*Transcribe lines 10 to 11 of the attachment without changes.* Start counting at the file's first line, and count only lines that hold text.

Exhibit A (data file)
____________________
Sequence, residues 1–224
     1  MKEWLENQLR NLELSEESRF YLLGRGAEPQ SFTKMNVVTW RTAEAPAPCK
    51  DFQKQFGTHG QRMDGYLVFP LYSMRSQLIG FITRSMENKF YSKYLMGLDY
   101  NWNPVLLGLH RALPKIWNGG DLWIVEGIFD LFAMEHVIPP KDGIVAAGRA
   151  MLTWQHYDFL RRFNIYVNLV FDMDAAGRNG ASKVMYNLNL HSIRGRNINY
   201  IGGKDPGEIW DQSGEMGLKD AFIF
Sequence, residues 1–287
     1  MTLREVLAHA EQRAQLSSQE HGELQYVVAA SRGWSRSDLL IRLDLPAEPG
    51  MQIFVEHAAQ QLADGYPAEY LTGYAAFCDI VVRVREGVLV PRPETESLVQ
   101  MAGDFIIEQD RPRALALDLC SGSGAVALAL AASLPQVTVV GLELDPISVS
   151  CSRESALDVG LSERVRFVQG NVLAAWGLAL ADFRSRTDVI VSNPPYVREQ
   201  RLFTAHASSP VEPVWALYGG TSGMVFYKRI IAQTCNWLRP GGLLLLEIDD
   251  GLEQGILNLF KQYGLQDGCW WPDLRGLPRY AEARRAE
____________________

   101  MAGDFIIEQD RPRALALDLC SGSGAVALAL AASLPQVTVV GLELDPISVS
   151  CSRESALDVG LSERVRFVQG NVLAAWGLAL ADFRSRTDVI VSNPPYVREQ